What Are the Effects of Mixing Methamphetamine and Alcohol?

When someone uses a stimulant such as methamphetamine, the drug may counter some of alcohol’s sedative effect, leading the person to drink more than he or she intended.

Methamphetamine is a highly addictive drug that acts as a central nervous system (CNS) stimulant. In rare instances, pharmaceutical methamphetamine was once prescribed by physicians (as Desoxyn). However, the overwhelming majority of methamphetamine that is abused today is manufactured illegally and sold on the street. The illicit drug is commonly referred to as meth and crystal meth.

Those who abuse methamphetamine may experience intense cravings for continued use, which serves to promote a fast-growing addiction. Often, those who abuse methamphetamine also abuse alcohol, and combining these two substances may have serious side effects.1

The Side Effects of Using Methamphetamine with Alcoholic Drinks

Methamphetamine can be snorted, injected, smoked, or swallowed. No matter the method of ingestion, though, methamphetamine is highly addictive and often produces feelings of energy and excitement during the initial stages of use. Users then begin to feel irritable, angry or fearful.

Users may also suffer a variety of side effects such as:2

  • Severe dry mouth that can lead to dental problems and rotting teeth.
  • Severe itching.
  • Emotional problems.
  • Extreme rise in body temperature that causes the user to pass out, and may lead to organ failure in extreme cases.

Many people who use methamphetamine also concurrently abuse alcohol. While the general effects of each substance may, to some extent, counteract those of the other, the combination of methamphetamine and alcohol is extremely ill-advised and dangerous.

Research on the effects of combining stimulants and alcohol together has revealed more negative consequences compared to using each of the substances independently. Alcohol acts as a CNS sedative while methamphetamine, a stimulant, leads to feelings of increased energy, euphoria, and excitement.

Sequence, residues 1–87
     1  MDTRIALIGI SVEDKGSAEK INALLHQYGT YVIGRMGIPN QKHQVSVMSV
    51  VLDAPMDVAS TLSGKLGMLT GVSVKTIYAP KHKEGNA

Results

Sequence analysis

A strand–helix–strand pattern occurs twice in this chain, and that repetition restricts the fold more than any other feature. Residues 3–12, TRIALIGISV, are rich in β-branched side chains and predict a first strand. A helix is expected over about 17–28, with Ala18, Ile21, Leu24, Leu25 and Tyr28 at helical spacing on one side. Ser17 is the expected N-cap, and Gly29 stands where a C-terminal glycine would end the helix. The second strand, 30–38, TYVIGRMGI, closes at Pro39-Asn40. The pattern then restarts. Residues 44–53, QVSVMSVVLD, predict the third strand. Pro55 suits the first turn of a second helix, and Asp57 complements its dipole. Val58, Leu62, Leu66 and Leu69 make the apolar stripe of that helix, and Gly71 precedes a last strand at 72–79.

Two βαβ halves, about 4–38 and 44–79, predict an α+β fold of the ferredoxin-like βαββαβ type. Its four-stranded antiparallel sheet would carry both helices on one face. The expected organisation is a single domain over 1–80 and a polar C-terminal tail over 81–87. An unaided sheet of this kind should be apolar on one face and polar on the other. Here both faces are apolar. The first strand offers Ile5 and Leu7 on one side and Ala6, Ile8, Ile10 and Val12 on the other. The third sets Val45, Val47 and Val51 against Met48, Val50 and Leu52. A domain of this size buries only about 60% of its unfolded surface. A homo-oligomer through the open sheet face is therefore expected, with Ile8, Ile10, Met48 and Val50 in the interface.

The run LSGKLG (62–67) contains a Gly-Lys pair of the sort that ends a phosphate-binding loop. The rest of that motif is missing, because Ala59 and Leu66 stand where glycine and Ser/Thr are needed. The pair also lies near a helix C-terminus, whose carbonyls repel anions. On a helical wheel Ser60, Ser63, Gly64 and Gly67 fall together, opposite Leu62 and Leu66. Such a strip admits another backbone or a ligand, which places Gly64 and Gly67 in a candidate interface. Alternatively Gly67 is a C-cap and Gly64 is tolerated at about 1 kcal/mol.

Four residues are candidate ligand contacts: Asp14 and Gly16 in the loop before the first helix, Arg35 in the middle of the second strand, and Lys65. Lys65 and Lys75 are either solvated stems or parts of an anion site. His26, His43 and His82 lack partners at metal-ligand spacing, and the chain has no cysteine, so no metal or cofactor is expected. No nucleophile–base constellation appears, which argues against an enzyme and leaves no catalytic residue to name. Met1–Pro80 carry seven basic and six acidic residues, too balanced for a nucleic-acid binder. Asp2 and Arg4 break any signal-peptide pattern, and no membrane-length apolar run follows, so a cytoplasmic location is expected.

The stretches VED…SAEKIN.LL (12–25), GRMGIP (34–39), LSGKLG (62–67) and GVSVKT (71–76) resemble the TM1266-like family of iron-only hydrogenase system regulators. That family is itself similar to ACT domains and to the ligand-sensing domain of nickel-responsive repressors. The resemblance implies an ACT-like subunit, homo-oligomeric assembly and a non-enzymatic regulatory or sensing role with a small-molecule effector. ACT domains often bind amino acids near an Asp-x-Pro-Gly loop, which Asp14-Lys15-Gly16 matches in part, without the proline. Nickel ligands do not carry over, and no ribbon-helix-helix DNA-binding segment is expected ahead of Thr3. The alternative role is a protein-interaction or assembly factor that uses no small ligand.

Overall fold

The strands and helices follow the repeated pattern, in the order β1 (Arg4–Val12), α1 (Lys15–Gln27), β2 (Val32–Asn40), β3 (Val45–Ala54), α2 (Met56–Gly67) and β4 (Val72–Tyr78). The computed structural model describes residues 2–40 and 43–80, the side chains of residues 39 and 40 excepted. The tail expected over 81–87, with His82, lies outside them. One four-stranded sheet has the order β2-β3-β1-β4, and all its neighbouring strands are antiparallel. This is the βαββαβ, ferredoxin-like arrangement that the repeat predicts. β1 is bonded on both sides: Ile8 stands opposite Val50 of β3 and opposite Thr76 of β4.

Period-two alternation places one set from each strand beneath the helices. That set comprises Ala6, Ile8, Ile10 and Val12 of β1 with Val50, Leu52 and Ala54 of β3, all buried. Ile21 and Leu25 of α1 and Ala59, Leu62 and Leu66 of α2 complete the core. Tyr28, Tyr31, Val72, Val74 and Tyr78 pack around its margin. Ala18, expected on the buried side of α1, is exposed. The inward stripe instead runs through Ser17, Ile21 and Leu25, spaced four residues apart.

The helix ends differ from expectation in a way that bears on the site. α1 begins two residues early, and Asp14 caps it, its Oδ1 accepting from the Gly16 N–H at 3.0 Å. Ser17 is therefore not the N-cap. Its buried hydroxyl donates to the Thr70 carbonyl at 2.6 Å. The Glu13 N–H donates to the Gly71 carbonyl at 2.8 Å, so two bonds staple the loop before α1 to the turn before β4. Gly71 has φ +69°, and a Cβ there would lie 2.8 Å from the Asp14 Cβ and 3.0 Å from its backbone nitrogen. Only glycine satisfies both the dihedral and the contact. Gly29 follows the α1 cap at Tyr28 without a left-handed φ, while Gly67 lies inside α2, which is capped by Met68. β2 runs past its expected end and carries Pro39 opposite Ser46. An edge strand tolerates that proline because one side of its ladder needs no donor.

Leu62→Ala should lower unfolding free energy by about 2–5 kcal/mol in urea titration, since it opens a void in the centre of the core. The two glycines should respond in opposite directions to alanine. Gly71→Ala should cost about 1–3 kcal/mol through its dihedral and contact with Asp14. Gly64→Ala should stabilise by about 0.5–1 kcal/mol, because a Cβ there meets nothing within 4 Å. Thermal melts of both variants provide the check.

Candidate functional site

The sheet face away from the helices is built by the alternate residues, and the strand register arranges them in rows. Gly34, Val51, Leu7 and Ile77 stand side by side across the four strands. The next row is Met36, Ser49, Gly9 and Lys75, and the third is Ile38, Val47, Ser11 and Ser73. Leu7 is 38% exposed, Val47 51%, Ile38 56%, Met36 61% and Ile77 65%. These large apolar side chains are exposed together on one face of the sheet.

When someone uses a stimulant such as methamphetamine, the drug may counter some of alcohol’s sedative effect, leading the person to drink more than he or she intended. In turn, this can cause the person to make poor decisions and engage in risky behaviors. A person who takes both of these substances is at increased risk of injury and other serious side effects.3

Treatment for Addiction to Methamphetamine and Alcohol

Treatment for concurrent addiction to methamphetamine and alcohol may be more complicated than that of a singular substance addiction, but it can still be done effectively. In general, those in recovery will first need to have a period of withdrawal from both substances prior to committing to more longitudinal substance abuse treatment efforts.

Methamphetamine withdrawal is difficult. The vast majority of users have reported the following withdrawal symptoms:2

  • Depression
  • Fatigue
  • Aggression
  • Agitation
  • Anxiety
  • Overeating
  • Extreme daytime sleepiness

These symptoms can last 5 days to 2 weeks. The lengthy withdrawal period from methamphetamine increases the risk of relapse since people may begin to use again to relieve their withdrawal symptoms. Thus, recovery from meth addiction often requires intense oversight.


Additionally, when a person who abuses methamphetamine also abuses alcohol, treatment in a detox center is advised since the sudden cessation of alcohol use may result in seizures and other adverse medical consequences. A detox program typically consists of an evaluation by a substance abuse professional to assess the form of treatment that would best suit the person’s needs.

Once the person is admitted to a detox program, a nurse provides an assessment and begins to monitor the person’s medical and behavioral withdrawal symptoms. A physician usually provides a comprehensive medical assessment within 24 hours. A variety of staff members, including counselors and assistants, provide emotional support throughout the recovering person’s stay.

Most detox programs last just a few days. Some have support groups, but these detox programs are not intended to be treatment for methamphetamine and alcohol addiction. Rather, detox is a brief stabilization period. The person who completes detox is admitted to an outpatient program for treatment several hours per week, or an inpatient treatment program that can last from a few days to a few weeks.

Blood Poisoning Effect When Mixed